In the latest installment of our series detailing how knives save lives, we take to the skies.
On May 28, 1990, passengers of a routine flight to San Antonio were going about their typical business as the plane they were on entered the cruising altitude of 35,000 feet.
Everything seemed to be going normally until a woman frantically told a flight attendant that her 89-year-old husband didn’t appear to be breathing. According to the attendant, the man looked darkish gray and wasn’t responding. His immediate diagnosis was total airway obstruction.
So, the attendant did what everyone has learned to do for someone who can’t breathe. He administered the Heimlich Maneuver and CPR, but to no avail. The man was in deep trouble.
Luckily, there were two doctors a few sets behind who sprung into action. They knew his airway was completely obstructed, and there was only one device that could save this man: a knife.
When the doctors initially called out for a knife, someone handed them a cheap plastic knife, which simply wasn’t going to do for the job at hand. That’s when someone on the plane pulled out a trusty Swiss Army knife. Bear in mind, this was in the pre-9/11 era when it was fine to take small multi-purpose knives onto planes.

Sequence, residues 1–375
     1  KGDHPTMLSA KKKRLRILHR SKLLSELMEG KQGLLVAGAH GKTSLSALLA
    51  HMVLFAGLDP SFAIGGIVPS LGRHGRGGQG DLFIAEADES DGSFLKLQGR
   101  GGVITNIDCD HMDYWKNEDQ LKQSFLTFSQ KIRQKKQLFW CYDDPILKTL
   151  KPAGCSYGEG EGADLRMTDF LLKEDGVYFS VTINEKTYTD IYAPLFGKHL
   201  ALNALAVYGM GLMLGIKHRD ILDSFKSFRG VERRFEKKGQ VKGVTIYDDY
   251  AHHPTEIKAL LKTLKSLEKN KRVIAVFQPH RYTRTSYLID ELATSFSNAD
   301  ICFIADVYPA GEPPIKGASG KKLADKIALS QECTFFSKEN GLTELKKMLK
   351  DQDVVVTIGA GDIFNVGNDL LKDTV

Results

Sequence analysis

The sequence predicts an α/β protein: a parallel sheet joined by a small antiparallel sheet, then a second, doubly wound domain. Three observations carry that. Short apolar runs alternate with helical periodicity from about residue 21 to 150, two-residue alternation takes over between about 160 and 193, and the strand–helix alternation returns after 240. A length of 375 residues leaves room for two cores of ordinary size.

Similar to the story of Steve Wilder, the doctor performed a tracheotomy, which consists of cutting a hole in the bottom front part of your neck to create an alternative breathing passage. Check out the video in our previous post to learn more about the procedure.
After several minutes of being unable to breathe and tons of blood coming from the incision, the man remarkably began responding and breathing on his own. The plane was forced into an emergency landing, so paramedics could take the man to a hospital. Fortunately, the man survived the ordeal virtually unharmed.
The amazing thing about this example is there’s almost no way it could be replicated today because no one on a plane would have a knife on hand. Had there not been a knife readily available, the man would have definitely died from suffocation.
Knives in general, and especially on planes, get a bad reputation because of improper usage, but as these examples demonstrate, knives have the potential to save lives.
If you’re interested in hearing more details about this story, watch this clip from the show “Rescue 911.”
May 7, 2011 at 6:51 am